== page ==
GR: What're you up to these days?
UP: What am I up to these days? Well, I just passed my 70th birthday. And the Peace Center for Nevada County, we're in a very conservative, rural county, and I worked hard to get a peace center started here. I was pretty excited to have a 70th birthday, so I said, “Let's put it to work.” We did, at the Center of the Arts, at the concert hall, to raise money for the peace center. Which we did. We had a lot of people come out, and it was great to see all those people standing around, talking to each other. A lot of local musicians were playing, and a few others came in from other places. Aside from that, I've been traveling. I just got back from playing in Detroit. I was playing Ann Harbor, Michigan, and East Lansing, Michigan.
GR: I just passed through Detroit myself. Just a couple of months ago.
UP: Detroit's a fascinating town. It's a tragic one, in many ways. Because of the job laws. There's actually a very strong branch of the Industrial Workers of the World (IWW) there. It's their 100th anniversary this year, and I've been a member of it for fifty-one or so years. It's my proudest association.
GR: Any comments for our President?
UP: For him? About him?
GR: Well, let's say you get ten minutes to talk to him.
UP: I think it's more important, in a situation like that, if you have minutes with him, to ask questions. To ask him why he thinks and feels the way he does. You can't know why people do the things they do, unless you know what's been done to them. Now, I don't know this man. I don't know him at all. What I know about him is what I've read in the newspapers. And I don't have a television set. So, I suppose that's what I would do. I would sit down, and think of important questions to ask him, rather than trying to lay down a rap of some kind.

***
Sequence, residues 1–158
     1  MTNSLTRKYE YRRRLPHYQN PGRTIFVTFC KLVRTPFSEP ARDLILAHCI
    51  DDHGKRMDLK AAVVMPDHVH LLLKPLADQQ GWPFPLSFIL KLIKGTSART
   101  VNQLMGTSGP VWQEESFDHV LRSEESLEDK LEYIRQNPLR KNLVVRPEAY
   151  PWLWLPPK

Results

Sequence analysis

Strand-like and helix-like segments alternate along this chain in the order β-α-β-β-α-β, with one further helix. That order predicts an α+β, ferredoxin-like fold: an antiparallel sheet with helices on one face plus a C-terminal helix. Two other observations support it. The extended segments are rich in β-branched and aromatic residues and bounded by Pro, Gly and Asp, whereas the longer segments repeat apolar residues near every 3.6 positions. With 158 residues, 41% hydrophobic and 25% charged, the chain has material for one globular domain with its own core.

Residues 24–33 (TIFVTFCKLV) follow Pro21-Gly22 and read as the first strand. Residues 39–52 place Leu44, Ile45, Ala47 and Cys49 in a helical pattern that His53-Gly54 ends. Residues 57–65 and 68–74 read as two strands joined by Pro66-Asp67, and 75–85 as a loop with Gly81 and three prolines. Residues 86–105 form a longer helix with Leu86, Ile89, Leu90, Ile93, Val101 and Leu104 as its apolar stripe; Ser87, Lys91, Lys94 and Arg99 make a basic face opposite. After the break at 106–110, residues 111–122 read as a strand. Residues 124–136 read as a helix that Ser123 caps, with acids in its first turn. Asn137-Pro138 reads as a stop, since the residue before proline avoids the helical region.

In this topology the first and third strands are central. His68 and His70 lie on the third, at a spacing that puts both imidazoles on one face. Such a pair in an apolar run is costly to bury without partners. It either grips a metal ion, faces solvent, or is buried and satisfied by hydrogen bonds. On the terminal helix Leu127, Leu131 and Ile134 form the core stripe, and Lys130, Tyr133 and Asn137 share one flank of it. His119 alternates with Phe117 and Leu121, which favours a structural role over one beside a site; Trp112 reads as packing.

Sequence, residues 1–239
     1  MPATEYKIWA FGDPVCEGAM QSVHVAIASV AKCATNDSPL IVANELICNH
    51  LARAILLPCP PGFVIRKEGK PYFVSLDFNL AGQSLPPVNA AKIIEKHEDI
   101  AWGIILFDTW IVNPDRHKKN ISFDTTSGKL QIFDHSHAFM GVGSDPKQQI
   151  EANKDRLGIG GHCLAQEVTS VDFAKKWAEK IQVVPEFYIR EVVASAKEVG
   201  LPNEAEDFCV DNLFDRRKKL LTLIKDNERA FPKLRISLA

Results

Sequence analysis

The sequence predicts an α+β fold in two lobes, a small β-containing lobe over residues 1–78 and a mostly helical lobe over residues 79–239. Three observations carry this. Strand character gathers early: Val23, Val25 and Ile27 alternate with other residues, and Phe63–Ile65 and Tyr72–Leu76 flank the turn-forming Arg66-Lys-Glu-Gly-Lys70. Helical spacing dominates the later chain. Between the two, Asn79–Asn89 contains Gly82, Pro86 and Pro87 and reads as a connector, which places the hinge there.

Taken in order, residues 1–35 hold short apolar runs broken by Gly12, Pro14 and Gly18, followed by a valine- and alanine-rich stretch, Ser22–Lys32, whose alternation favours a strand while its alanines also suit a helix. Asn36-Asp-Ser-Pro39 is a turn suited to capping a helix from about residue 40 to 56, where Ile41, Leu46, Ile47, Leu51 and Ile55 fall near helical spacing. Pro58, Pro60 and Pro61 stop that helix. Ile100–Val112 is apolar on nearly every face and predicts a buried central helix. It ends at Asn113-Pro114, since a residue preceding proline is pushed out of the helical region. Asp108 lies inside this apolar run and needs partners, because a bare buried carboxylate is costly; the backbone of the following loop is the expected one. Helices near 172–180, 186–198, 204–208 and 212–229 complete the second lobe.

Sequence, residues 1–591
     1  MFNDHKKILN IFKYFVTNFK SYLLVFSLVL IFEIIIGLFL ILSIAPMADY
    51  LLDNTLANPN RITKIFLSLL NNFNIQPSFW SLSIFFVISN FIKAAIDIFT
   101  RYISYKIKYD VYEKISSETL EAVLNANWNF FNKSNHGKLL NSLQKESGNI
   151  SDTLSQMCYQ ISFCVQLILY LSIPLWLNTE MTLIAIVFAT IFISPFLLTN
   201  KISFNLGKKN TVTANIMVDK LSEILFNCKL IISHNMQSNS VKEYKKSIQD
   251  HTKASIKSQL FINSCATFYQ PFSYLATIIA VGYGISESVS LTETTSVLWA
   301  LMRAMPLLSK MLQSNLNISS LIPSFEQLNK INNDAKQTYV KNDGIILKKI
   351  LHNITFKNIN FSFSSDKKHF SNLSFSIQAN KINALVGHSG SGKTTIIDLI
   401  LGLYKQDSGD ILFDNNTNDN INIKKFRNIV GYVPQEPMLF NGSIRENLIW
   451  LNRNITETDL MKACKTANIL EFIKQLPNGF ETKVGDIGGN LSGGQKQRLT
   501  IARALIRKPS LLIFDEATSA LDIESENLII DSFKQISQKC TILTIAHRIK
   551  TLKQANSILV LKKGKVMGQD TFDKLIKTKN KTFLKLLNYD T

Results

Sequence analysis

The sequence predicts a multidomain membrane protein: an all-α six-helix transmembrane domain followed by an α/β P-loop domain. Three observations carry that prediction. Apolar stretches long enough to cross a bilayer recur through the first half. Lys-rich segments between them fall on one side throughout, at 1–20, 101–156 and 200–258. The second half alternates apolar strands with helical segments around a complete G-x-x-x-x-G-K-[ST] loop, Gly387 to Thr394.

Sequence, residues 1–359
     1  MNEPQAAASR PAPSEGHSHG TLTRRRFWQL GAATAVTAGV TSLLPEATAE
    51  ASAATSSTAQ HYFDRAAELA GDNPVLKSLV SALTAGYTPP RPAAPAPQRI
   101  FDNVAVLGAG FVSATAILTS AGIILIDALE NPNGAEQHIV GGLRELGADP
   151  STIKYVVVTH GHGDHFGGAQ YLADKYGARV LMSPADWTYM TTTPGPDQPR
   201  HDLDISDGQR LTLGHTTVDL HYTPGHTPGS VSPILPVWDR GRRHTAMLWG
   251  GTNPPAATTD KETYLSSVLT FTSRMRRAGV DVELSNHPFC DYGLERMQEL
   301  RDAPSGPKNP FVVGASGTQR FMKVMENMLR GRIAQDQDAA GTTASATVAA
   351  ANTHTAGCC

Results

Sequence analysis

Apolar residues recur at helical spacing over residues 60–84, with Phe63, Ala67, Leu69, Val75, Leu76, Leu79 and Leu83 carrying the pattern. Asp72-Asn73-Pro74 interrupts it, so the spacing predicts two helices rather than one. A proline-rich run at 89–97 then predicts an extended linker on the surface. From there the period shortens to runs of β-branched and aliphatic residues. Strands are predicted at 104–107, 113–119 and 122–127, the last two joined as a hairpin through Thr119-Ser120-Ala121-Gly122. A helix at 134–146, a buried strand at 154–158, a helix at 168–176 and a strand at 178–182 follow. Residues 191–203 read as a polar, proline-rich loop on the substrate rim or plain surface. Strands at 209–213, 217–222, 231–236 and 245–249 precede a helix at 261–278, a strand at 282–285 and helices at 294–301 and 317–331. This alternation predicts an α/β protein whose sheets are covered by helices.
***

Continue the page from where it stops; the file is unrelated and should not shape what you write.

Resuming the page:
GR: Do you think anarchy in its original form that which hasn't been manipulated by Corporate America and sold to disenfranchised teenagers, is still possible? Rather, do you think it's still a viable concept?
UP: You have to look at anarchy in two different ways. You look at it as a social and political movement, and you look at it as a lifestyle choice. By and large, young people treat anarchy as a lifestyle choice. Making a transition to a political movement is far more difficult. Murray Bookchin wrote a wonderful book about this, which was published by AK Press. If anyone wants to look up AK Press on the web, they'll find it. [And who knows, maybe the editor of this interview will be capable of something as simple as a hyperlink –Ed.] He felt that anarchy as a lifestyle choice and anarchy as a movement were positions that were irreconcilable. I don't believe that. I think that that lifestyle choice is an essential step toward building anarchism as a movement. The two concepts are by no means outmoded. There's still a way out in front of us. There's still a future of self-governing people. We live in a highly cohesive culture. We're entangled in all kinds of cohesive combinations. Boss, employee, student, teacher, parental, marital. And we're not the architects. We don't decide that those are the combinations we want to participate in. We inherit them. We have no control over them. And all we've ever really wanted to do is become self-governing enough, so that we can create, among others, voluntary combinations which serve our needs as we define them, and not as they're defined for us by institutions. We have become accustomed to abandoning our children to institutions and authorities over which they have no control. Kind of like empty milk bottles. They get filled up full of these cultural compulsions. And leaning how, as individuals, to resist that, to become self-governing people, reaching out and forming voluntary combinations to get the work of the world done, without the boss and without the state, is very difficult. Ammon Hannesy, my great teacher, the Catholic anarchist and pacifist, put it in very simple terms. We were working at the Joe Hill House, in Salt Lake. It's a house for transients and migrants and bums and that's what I was doing at the time. And Ammon said to me, “If you and I can agree to do our share of the work of the world, if we can agree to take only what we need and put back what we can, if we can agree not to hurt anybody, all the things you can't get from the boss and the state, if we can agree to these things, then we can, between ourselves, begin to form that voluntary combination. And begin, in our own small way, to get the work of the world done, without the boss and without the state.”